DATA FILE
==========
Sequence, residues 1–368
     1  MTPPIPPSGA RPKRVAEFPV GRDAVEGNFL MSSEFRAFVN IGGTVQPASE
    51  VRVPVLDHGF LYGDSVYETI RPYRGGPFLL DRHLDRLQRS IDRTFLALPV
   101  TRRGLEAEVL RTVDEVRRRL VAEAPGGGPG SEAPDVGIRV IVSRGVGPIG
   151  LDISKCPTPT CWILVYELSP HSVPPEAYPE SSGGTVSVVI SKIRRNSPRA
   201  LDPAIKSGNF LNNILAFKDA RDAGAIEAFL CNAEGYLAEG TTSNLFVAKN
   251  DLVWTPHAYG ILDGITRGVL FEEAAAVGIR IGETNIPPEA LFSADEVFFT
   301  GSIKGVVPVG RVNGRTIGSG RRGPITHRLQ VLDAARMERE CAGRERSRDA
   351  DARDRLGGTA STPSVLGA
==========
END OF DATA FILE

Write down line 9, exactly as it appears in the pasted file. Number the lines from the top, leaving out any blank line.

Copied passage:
   351  DARDRLGGTA STPSVLGA